of non-animal testing research that is widely available and economical in
labour. In 2013 the European Union (EU) decided to cease all animal testing for
cosmetic goods if industries wish to market their products in Europe (European
Report, 2013). Since the EU has established the innovative decision has of
banning animal-tested ingredients, there have been previous and some new
developments in how to seek new ways to assess research tests in chemical
safety for cosmetic items, for example via a public-private partnership with
the European Commission. Research on animals in the cosmetic industry and the
testing tactics that go along with it are much too time consuming and
expensive. There is a solid foundation where viable, inexpensive, and effective
non-animal tests are accessible for cosmetic research purposes. In the past three
decades scientists have developed many modern alternatives to animal testing-methods
that use human blood, cell lines, artificial skin or computer models to test the
safety of products.  Toxicokinetics is
crucial for the testing of cosmetics and is defined as “the description of what
rate a chemical will enter the body and what occurs to excrete and metabolize
the compound once it is in the body” (Wikipedia, 2017). Alder, Basketter &
Creton stated that “Toxicokinetic modelling is currently seen as the most
adequate approach
to simulate the fate of compounds in the human body. These data should and can
be generated with non-animal studies with in vitro or in silico approaches that
allow quantification of specific dose–response curves” (2011, p. 372). It is clear
that these testings of computer model, syntactic skin, in vitro and in silico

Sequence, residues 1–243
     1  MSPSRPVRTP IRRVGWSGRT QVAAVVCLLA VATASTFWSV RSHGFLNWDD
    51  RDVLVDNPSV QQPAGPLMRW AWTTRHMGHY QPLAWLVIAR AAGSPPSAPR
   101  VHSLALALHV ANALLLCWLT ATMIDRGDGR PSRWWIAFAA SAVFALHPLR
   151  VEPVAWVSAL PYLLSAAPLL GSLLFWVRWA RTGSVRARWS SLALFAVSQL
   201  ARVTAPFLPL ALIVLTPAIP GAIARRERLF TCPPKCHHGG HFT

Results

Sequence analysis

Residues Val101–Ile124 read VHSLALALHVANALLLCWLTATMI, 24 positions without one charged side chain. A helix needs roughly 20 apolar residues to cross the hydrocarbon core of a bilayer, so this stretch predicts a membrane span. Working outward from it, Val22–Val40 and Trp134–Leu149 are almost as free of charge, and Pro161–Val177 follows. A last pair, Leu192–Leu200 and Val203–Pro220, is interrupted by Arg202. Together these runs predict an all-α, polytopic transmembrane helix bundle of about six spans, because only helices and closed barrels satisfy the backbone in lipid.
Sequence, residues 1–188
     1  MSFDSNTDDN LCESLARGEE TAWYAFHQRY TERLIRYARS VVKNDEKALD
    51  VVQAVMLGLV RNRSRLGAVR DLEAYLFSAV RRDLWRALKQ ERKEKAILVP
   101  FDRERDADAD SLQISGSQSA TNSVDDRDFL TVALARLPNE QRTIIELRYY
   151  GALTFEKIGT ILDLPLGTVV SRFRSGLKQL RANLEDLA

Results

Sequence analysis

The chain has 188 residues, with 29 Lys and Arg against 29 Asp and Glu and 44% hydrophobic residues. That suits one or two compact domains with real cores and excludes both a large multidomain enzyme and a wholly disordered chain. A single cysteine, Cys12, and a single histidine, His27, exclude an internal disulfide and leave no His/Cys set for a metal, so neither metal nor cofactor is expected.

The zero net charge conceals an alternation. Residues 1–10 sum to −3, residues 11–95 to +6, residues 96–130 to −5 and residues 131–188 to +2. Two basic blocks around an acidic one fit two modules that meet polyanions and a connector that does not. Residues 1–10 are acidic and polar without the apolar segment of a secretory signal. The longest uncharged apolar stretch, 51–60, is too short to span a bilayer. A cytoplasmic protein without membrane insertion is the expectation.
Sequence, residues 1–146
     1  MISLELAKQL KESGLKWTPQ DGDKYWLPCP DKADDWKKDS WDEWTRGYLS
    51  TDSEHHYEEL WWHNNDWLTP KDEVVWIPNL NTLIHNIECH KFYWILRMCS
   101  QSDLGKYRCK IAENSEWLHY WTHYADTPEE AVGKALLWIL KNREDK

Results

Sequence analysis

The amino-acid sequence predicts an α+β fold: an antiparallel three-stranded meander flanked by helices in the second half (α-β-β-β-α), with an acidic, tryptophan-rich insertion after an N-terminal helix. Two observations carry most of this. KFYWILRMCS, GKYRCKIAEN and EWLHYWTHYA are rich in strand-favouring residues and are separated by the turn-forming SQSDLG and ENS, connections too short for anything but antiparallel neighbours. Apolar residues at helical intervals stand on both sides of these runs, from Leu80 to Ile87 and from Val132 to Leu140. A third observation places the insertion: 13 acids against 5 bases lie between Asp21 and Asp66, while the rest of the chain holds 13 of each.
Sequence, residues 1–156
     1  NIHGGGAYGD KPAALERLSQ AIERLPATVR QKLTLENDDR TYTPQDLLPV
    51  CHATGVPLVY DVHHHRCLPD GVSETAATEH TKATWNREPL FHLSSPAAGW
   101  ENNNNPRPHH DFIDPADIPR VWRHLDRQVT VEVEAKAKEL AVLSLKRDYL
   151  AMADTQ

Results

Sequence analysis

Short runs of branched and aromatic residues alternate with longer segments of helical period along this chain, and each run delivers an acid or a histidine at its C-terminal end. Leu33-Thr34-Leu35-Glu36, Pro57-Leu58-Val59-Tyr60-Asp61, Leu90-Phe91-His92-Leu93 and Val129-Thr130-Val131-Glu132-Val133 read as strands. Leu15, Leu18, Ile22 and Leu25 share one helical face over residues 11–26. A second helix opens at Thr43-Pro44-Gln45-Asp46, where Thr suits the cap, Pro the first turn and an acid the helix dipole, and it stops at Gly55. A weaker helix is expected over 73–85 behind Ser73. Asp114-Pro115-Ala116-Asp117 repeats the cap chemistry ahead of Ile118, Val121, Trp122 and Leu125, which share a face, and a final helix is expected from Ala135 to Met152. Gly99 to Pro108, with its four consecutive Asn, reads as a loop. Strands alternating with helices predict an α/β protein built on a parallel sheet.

tests decrease the environmental and health aspects of research cosmetics.
Non-animal testing could help consumers buy better quality variety of cosmetic products
that are healthier or more beneficial towards skin care routines or improved
makeup/perfume brands. According to Mehling et al, “Cell-based assays and in silico methods are presented
together with a discussion of their current status” (2012, p. 1). These forms
of non-animal testing are ultimately cheaper for the research process and for
corporations. A few of the many cosmetic companies that already work with
non-animal testing research for their products are; Lush, Bath & body
works, Aveda, Urban Decay, Anastasia Beverly Hills, and many more. Although
considerable numbers of companies are turning animal-free testing, more needs
to be done to eliminate animal testing in the cosmetic industry. “With significant
progress having been achieved during the last years, the rationale today is
that data from different non-animal test methods will have to be combined to
obtain reliable hazard and potency information on potential skin sensitizers”
(Mehling, et al., 2012). The path towards animal-free testing results in not
only benefits to the cosmetic industry but contribute to a global safety net
solution for chemical ingredients.

            Due to these blatant factors, the
information demonstrates the need for research purposes used on animals to be
banned globally. It was found that the use of research purposes on animals in
the cosmetic industry have significant dangerous effects on animal’s health due
to the harmful tests conflicted upon them and how these research trials cause
air, water, and ground pollution with toxic animal remains and chemicals into
the environment. There are many multi-disciplinary approaches to make safe
non-animal tests for enhancing products for the cosmetic industry. The fundamental
rights of many species of animals are proven to be defiled in the cosmetic
industry thus leading to a surfeit of hostile side affects towards negative
consequences to the animals and the environment as there are feasible
alternatives to testing the safety of cosmetics